“They win on all angles, and we’re certainly happy that they are. They certainly deserve it, as far as I’m concerned,” Te’o added.
Had Southern Virginia not come through in the last minute, the All-Poly camp would have been inherited by the University of Utah, according to Te'o, which would have precluded his involvement, as well as that of many others.
“If we went to the University of Utah then me and my staff — we’d be out of the picture,” Te’o said. “It would have been strictly a Utah thing and no one would have been allowed to come in and partner with Utah.”
Stepping aside would have been an enormous bitter pill to swallow for Te'o, who founded the camp back in 1999, as a means to help prepare local football players for the collegiate level. Somewhat ironically, it was Utah, along with Oregon State, who worked arduously with Te'o to keep his camp intact, despite the fact it would undoubtedly benefit by inheriting it.
“Utah and Oregon State really guided me through the whole process,” Te’o explained. “I’d call their compliance guys all the time — probably enough that I’m surprised they just didn’t start hanging up on me. But they gave me great intel and allowed us to get to this point. If it wasn’t for them, we don’t make it.”
It certainly appeared as if the All-Poly camp wouldn't make it as late as Friday, although Te'o encouraged his always willing staff to stay patient and hope for a miracle.
“It just goes to show the level of support and commitment we get from coaches across the country,” Te’o said. “They stayed with it and couldn’t be more grateful to each and every person that continues to make this thing happen. Every single one of them.”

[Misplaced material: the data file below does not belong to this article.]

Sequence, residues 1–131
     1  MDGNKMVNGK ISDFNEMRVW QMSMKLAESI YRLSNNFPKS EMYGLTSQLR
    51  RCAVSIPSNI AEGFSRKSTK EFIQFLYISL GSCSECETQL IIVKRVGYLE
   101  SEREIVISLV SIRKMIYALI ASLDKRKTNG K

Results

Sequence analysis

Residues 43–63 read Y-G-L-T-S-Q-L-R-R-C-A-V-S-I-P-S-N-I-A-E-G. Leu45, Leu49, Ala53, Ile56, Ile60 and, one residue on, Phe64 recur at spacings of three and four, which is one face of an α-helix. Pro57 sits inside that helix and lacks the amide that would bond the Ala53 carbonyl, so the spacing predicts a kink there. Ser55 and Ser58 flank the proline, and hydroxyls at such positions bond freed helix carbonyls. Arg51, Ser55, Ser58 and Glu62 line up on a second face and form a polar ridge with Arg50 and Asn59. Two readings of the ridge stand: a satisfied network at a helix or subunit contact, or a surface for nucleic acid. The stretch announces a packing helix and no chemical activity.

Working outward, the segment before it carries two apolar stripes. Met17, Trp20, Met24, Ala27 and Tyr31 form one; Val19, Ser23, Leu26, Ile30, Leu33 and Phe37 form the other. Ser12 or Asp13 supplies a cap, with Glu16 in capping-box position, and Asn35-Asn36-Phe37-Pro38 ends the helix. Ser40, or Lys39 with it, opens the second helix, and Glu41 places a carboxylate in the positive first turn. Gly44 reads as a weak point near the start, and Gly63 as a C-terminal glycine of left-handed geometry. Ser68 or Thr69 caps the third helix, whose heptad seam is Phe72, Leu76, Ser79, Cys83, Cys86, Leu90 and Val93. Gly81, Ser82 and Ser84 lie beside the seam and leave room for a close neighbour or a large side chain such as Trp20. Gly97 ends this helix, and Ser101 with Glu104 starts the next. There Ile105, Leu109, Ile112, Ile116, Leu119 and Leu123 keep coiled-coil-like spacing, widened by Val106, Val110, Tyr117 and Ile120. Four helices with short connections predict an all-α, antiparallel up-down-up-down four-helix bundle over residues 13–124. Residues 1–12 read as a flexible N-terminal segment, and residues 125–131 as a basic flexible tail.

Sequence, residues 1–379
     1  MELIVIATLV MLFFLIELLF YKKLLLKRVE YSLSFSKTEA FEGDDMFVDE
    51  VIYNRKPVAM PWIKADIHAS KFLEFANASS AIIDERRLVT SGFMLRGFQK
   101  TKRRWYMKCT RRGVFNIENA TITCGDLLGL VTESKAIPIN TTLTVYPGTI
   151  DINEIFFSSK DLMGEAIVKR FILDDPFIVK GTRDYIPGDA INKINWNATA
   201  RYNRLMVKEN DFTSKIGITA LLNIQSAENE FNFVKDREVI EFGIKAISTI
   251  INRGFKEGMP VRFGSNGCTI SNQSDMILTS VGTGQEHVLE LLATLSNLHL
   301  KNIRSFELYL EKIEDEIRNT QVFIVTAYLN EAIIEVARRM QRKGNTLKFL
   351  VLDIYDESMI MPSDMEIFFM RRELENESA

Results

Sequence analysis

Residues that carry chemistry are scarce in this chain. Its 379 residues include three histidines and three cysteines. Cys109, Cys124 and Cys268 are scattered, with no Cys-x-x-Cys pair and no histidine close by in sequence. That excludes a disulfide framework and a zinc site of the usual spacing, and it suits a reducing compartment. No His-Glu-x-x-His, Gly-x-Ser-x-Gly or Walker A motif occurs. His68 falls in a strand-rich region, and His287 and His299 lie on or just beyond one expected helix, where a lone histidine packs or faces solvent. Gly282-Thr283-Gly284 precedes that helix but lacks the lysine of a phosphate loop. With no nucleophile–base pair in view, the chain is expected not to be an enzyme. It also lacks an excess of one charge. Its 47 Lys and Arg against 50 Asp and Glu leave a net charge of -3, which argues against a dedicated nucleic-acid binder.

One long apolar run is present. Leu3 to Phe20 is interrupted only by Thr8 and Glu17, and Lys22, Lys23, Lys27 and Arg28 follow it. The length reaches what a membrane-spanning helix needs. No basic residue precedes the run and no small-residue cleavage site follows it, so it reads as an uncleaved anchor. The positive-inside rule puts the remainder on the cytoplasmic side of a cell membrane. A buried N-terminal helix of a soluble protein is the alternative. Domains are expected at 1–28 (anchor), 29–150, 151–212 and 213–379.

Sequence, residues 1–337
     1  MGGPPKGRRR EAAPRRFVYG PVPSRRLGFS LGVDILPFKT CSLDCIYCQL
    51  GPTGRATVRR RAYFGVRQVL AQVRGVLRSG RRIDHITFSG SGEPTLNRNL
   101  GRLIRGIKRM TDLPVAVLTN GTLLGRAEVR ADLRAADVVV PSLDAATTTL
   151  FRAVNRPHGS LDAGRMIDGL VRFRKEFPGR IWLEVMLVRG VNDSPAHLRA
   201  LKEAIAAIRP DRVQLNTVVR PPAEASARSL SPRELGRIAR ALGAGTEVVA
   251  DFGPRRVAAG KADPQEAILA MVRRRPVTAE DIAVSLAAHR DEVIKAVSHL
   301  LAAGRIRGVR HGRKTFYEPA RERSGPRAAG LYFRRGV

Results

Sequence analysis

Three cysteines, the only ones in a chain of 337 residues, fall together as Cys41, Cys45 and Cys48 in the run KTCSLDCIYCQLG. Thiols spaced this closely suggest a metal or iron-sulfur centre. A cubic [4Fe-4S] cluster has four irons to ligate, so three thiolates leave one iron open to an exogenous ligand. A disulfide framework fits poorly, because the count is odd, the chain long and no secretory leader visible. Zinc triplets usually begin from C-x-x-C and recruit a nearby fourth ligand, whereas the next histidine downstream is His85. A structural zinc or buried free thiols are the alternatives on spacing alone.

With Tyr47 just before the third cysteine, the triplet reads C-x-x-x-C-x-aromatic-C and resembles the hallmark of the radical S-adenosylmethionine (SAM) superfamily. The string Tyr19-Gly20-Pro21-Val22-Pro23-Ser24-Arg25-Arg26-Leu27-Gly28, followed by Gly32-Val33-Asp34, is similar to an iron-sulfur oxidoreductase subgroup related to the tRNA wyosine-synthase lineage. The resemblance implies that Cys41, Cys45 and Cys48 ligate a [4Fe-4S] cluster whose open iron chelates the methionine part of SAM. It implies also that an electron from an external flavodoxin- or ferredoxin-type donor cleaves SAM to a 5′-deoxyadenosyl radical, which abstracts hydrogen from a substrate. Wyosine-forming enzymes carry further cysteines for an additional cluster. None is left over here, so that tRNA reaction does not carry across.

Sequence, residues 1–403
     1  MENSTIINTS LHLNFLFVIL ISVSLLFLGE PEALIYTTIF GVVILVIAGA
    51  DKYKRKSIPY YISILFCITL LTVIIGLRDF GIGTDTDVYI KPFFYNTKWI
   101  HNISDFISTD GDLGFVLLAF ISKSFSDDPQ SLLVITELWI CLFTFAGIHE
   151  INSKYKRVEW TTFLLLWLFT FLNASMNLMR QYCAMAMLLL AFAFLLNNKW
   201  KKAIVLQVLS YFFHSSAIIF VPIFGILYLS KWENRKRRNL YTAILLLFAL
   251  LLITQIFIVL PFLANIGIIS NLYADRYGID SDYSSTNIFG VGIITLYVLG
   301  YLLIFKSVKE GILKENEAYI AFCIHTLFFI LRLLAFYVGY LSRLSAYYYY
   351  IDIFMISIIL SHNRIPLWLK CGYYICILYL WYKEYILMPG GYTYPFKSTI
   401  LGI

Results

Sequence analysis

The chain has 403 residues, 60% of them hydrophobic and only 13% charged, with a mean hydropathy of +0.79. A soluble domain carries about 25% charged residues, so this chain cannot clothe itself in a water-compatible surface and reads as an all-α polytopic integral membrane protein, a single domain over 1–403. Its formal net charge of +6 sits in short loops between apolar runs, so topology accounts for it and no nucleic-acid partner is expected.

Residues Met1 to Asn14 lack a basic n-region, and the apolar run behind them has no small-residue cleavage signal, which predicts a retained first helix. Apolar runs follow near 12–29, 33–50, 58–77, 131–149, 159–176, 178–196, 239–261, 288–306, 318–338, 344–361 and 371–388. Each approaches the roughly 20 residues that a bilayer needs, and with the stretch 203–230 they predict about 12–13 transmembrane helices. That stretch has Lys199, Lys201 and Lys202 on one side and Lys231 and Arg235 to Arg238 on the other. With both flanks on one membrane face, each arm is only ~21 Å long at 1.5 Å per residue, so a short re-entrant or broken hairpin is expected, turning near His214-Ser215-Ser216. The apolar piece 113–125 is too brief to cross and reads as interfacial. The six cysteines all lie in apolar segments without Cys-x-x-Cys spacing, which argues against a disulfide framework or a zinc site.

Te'o also expressed a lot of gratitude to the many collegiate programs that have been involved with his camp throughout the years — particularly Utah.
“Their deal was they wanted to do what is in the best interest for the kids and for this camp,” Te’o said. “And that’s what it’s all about and that’s what it’s always been about. Utah has been involved with it for a long time and they get that. So I couldn’t be more grateful to them, but also to Oregon State, Utah State, BYU — all the great programs that continue to support what we do here.”
Although this year's battle is behind him, Te'o believes he'll be fighting a new one shortly.
“We don’t know what’s going to happen,” Te’o said regarding the NCAA's next move. “I mean they’ve changed their stance three different times with certain things. So we cannot rely on the current information because our experience is the rule is going to change and there’s going to be more questions that arise. We’re anticipating it and hopefully we can get ready for it.”
It's a fight Te'o is more than willing to fight, considering everything he's put into his camp through the years, along with all those willing to dedicate time and resources.
“I’ve put in too much time just to walk away, but that’s not the main reason. It’s not about me and it’s not about any of us, individually,” Te’o said. “It’s about the kids. It’s about giving them the best opportunity possible and that’s why we have so many people behind us — so many people fighting for us.”